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GP Week : Issue 124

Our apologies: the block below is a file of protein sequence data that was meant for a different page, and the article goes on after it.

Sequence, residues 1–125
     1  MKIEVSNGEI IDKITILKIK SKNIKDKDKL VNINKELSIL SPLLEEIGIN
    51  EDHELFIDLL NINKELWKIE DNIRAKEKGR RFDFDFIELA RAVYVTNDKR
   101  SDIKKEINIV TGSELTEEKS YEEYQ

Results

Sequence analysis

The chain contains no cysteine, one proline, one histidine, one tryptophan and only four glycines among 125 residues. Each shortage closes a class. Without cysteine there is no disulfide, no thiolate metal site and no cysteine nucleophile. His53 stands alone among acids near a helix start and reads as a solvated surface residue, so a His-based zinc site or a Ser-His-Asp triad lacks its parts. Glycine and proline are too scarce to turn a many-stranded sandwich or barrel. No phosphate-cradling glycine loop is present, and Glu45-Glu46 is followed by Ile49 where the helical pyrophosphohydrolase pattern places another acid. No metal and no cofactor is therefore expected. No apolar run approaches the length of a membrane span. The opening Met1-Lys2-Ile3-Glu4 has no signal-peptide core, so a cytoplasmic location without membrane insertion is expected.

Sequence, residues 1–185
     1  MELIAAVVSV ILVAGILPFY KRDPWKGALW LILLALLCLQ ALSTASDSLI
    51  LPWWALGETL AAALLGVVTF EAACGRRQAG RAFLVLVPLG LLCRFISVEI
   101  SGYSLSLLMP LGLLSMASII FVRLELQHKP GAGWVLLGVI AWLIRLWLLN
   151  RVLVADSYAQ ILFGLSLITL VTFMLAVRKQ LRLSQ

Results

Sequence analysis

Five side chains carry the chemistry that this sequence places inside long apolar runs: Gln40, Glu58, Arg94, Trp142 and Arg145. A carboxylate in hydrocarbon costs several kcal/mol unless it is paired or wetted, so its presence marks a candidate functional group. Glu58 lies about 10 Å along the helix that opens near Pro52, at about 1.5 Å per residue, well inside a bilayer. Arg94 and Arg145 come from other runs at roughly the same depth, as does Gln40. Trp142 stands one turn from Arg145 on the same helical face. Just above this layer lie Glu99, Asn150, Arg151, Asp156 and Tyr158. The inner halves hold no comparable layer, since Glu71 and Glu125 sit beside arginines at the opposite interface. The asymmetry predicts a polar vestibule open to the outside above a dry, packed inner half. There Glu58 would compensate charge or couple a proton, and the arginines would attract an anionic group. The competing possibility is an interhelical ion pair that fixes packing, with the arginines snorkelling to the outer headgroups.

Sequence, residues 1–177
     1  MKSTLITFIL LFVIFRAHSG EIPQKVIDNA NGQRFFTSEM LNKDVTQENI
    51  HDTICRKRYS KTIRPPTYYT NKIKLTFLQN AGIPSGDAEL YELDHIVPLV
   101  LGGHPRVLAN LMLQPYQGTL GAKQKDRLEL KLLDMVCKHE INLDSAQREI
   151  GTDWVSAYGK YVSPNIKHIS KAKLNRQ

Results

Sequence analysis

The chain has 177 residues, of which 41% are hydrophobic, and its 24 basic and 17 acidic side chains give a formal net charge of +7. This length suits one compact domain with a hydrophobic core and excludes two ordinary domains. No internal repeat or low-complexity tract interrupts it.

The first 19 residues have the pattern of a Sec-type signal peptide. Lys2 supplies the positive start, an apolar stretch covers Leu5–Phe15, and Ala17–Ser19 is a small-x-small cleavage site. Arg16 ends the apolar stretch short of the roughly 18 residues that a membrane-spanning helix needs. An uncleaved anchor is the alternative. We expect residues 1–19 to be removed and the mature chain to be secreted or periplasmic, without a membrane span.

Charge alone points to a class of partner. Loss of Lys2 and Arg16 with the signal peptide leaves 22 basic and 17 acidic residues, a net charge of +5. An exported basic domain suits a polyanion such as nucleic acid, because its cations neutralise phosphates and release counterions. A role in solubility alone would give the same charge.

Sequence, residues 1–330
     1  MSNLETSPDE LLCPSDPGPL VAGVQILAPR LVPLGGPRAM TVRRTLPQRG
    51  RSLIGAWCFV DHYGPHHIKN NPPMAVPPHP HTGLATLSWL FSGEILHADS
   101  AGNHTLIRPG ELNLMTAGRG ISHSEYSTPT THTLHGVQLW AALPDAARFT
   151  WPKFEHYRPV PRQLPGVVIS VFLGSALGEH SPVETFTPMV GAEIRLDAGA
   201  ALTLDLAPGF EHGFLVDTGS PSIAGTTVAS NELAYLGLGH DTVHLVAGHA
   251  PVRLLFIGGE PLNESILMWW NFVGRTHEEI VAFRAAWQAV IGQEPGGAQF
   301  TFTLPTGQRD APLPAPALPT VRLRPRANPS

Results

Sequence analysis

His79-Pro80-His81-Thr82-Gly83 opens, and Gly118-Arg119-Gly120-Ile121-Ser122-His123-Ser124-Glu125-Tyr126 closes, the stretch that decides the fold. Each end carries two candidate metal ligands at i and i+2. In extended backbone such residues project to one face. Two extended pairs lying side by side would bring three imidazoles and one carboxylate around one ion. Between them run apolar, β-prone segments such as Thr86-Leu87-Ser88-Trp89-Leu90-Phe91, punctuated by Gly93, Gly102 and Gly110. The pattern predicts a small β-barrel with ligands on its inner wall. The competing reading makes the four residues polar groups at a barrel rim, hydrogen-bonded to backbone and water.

Team-By-Team: British Grand Prix, Silverstone McLaren were hit hard by the clarification in the exhaust-blown diffuser rules over the course of the weekend, as they struggled to keep pace with Ferrari and Red Bull ahead. Qualifying 5th and 10th, Button and Hamilton trailed the lead quartet at the start, but slowly reeled them in and Button could have finished on the podium had he not retired with a loose wheel nut. Hamilton had to save fuel in the final stint and just about held off Massa for fourth at the death. As in Canada, Red Bull lost out on victory through another mistake, this time in the pitlane when Vettel lost seven seconds with a delay on the left-rear tyre. Red Bull enjoyed a 1- 2 for the first half of the race, but with Alonso upping his pace from mid-distance and Vettel’s pitstop problem, the reigning champions had to make do with a 2-3 finish. Webber lost the lead to Vettel from pole and went against team orders to challenge him for second in the closing laps, but without success. Renault endured another challenging weekend as Nick Heidfeld came home with the team’s only points in eighth place, although it was still a vast improvement on their qualifying pace. Heidfeld’s progress began by picking up two places at the start, before gradually climbing through the field on a two-stop strategy. Petrov was unlucky to miss out on points after being involved in a three-way battle for tenth with Alguersuari and Sutil. He finished 1.5 seconds adrift of the final point. Mercedes’ weekend should have yielded much more than sixth and ninth places after Schumacher was hit with a 10-second stop/go penalty, robbing the German and his team of at least four more points if not significantly more. He had been running strongly until tangling with Kobayashi, earning him the penalty and dropping him down the order. He recovered to ninth as Rosberg fended off Sauber’s Sergio Perez in the fight for sixth, but Schumacher believes he could have challenged for fourth or fifth had things gone to plan. Poor pace on the intermediate tyre in the first phase of the race proved to be an insurmountable challenge to Williams as they failed to capitalise on Pastor Maldonado’s best qualifying of the year in seventh. The Venezuelan had dropped to 13th by lap 6 as he struggled to keep the car on the road and fell further behind on his three-stop strategy. Barrichello’s two-stop strategy allowed him to leapfrog his team-mate, crossing the line in formation in a disappointing 13th and 14th. Alonso’s first victory of 2011 could scarcely have come at a better time as he fights to stay in the title hunt and made for an apt celebration of the 60th anniversary of Ferrari’s first F1 victory, at Silverstone in 1951. Although he struggled initially on the switch over to slicks after the stint on intermediates, once his tyres were up to temperature Alonso’s pace went unmatched and he got the break he needed when Vettel was delayed in the pits, before romping clear to a 20-second lead. Massa took fifth after just missing out in a battle with Hamilton. 30